shpHere is my homily from June 28, 2015, 13th Sunday in Ordinary Time, Year B.

Readings: Wisdom 1.13-15,2.23-24; Psalm 30; 2 Corinthians 8.7,9,13-15; Mark 5.21-43 (See the readings at

Homily text:

It’s no secret that music can be an incredibly powerful thing. It can uplift the soul in ways that few other things in this world can. And there’s one song in particular that has been in my heart and on basically endless repeat since it came out. It’s by Catholic artist Matt Maher, from his newest CD, Saints and Sinners. The song is titled “A Future Not My Own,” and it comes from a prayer inspired by Blessed Oscar Romero.
This song – and the rest of the album – came out one week after I found out that I’d be moving to Holy Spirit Parish in Saskatoon. And again, I’ve found to be very consoling and uplifting and even challenging, as good music can do. Here are some of the lyrics:

We see the start but You see the end
We see in part but Your love sees everything
We plant the seeds but You make them grow
We’re building a house, You’re building a home


This is the great unknown
Love is a long and narrow road
Come chase this heart of stone
I need a future not my own

How insightful and how true this is! We are all a part of something so much bigger than us, so much more vast than what we can imagine. We only see part of the magnificent plan of God, but he knows all. We plant seeds, but he makes them grow. We try to live in love, which can be such a long and narrow path. What we need is to know that there is a future not of our own making, a future that transcends this time and place, a future that fills us with hope.
And as I’ve been considering my future and our future, this is the refrain that has constantly been with me. Our future; my future; your future — is only complete in the arms of the One who made us and who saves us.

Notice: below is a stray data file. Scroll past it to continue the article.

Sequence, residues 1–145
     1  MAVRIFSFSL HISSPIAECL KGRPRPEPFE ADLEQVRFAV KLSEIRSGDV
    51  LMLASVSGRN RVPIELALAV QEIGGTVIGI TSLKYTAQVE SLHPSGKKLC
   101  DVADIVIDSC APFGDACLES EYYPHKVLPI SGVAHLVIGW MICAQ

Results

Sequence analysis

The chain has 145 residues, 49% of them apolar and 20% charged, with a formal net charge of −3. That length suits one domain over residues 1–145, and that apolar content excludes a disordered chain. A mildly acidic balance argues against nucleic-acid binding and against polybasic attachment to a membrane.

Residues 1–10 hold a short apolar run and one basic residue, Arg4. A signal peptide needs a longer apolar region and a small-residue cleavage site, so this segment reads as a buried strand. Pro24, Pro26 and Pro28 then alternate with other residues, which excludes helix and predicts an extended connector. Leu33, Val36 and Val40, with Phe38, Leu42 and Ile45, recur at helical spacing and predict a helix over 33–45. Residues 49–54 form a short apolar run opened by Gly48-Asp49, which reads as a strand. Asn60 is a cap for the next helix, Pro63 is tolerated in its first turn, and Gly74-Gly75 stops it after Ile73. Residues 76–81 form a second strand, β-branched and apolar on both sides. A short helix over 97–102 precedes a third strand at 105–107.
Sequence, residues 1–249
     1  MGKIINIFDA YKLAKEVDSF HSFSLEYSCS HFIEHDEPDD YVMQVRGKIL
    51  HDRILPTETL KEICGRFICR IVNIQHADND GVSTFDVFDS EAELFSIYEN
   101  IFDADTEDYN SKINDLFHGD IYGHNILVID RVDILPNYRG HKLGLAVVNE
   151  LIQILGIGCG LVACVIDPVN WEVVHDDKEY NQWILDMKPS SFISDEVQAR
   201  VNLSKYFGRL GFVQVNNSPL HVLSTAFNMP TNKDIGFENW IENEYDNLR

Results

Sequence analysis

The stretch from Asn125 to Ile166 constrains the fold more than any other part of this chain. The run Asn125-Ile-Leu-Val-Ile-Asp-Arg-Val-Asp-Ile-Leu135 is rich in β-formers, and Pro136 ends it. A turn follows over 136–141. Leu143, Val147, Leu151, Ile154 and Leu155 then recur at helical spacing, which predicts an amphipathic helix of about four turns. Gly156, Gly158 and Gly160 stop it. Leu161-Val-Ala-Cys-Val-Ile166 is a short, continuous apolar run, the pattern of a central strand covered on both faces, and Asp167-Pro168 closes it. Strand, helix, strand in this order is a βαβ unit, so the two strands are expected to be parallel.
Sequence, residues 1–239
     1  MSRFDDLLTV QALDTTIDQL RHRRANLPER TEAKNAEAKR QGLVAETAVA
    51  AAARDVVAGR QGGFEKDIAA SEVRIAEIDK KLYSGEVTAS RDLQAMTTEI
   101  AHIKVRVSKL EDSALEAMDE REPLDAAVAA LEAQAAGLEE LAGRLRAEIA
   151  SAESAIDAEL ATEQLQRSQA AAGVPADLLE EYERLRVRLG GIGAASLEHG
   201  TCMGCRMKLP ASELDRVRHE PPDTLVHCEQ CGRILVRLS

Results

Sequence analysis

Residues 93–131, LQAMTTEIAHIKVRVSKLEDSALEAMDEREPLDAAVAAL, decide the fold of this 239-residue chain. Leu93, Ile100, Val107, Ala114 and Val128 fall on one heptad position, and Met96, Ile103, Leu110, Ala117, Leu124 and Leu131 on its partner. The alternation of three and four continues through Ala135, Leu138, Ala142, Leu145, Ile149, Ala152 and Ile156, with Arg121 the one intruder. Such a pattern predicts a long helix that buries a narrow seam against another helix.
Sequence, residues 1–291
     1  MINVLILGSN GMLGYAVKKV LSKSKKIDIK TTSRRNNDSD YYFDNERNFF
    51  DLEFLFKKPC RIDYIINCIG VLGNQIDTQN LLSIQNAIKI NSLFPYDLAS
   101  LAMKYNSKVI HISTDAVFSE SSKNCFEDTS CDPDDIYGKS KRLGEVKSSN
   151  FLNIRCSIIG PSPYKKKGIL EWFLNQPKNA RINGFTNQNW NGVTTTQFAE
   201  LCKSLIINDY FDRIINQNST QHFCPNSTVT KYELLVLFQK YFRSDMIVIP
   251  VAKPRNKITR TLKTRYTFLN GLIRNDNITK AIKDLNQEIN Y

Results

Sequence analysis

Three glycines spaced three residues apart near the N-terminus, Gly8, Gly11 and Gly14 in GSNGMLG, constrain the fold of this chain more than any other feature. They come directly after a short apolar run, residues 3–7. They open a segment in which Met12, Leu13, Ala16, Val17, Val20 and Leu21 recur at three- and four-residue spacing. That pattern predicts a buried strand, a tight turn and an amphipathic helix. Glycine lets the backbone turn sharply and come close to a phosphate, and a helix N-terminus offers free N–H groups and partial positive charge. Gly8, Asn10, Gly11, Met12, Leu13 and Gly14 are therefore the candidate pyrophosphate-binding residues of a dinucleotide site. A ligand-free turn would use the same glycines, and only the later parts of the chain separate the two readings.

My future; your future; our future is Jesus Christ. He is the source of everything. He’s why we exist here and now. As Fr. Robert Barron likes to say, his love here and now creates the universe.
And what does this God of ours offer us today, in this amazing story of the raising of this little girl? To me, it boils down to the line he speaks to Jairus: “Do not fear; only believe.”
Do not fear. Do not fear your future. If Jesus is with you, then there is no need for fear. If Jesus is with us, then we find mercy for sin, we find hope in the cross, and we find life out of death. He will guide us to that eternal future that’s not of our own making. By his mercy he’ll bring us to heaven.
Do not fear; only believe. Or, as another translation puts it, Do not be afraid; just have faith. And as he raised the daughter of Jairus to life, so he can raise us to eternal life.
I am preaching this as much for me as I am for anyone else. Change is hard. But he who calls is always faithful. It’s not that I always understand what he’s doing, at least not in the moment. But Jesus is so faithful! He conquers even death itself!
So let’s commit ourselves to something today. When Jesus says, “only believe”; “just have faith” — as we recite the Creed together today, let’s commit ourselves to do just that: To have faith in him; He is our Saviour! Commit yourself to always walk with him; to never give up. He never gives up on us!
We may be separated by the distance of highway 5 to Saskatoon. But I want us all to spend an eternity together. Commit yourself to seek Jesus, here, in his Church, in his sacraments, which are our life lines — especially the Eucharist and frequent confession — and seek him regularly in prayer. Walk with Jesus, who is here, in his Eucharist, and let him lead you to heaven. Let him lead you to this future that is not your own. Do not fear; only believe!

Lord God,
This is the great unknown.
Love is a long and narrow road.
Come chase this heart of stone.
I need a future not my own.

“A Future Not My Own” by Matt Maher: